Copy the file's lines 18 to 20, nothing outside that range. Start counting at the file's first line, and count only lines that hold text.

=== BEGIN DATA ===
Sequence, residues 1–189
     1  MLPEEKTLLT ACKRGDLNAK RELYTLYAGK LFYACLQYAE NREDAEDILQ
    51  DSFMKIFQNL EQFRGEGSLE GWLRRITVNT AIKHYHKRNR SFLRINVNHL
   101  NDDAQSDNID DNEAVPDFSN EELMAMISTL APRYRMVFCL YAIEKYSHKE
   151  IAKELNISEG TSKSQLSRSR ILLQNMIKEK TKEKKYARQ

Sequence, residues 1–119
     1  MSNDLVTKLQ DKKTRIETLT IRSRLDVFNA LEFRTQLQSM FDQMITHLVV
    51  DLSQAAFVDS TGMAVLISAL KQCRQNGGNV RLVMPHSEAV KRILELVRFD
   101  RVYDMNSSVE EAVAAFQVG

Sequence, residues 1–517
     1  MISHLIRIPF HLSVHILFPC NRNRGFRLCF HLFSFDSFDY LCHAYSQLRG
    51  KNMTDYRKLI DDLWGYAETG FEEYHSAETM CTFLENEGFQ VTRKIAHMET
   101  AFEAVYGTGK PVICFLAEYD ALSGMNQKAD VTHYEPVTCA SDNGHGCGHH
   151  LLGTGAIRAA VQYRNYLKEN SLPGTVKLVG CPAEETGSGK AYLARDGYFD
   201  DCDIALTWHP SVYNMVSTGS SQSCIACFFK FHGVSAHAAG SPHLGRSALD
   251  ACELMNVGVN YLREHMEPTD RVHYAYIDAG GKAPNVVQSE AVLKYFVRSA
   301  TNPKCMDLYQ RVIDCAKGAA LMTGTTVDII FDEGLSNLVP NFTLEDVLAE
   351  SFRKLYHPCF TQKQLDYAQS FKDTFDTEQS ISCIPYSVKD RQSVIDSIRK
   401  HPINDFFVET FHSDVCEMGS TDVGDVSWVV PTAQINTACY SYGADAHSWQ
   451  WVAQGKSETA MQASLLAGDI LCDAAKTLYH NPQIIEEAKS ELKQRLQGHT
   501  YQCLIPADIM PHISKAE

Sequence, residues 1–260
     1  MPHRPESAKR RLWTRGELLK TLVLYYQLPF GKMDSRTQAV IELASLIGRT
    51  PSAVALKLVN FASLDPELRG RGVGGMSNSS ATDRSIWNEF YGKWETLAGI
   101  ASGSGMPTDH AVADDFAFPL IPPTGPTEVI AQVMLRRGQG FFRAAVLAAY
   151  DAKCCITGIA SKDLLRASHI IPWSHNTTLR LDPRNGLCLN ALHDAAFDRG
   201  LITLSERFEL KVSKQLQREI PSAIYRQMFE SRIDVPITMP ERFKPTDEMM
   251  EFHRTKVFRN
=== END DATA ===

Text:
   351  SFRKLYHPCF TQKQLDYAQS FKDTFDTEQS ISCIPYSVKD RQSVIDSIRK
   401  HPINDFFVET FHSDVCEMGS TDVGDVSWVV PTAQINTACY SYGADAHSWQ
   451  WVAQGKSETA MQASLLAGDI LCDAAKTLYH NPQIIEEAKS ELKQRLQGHT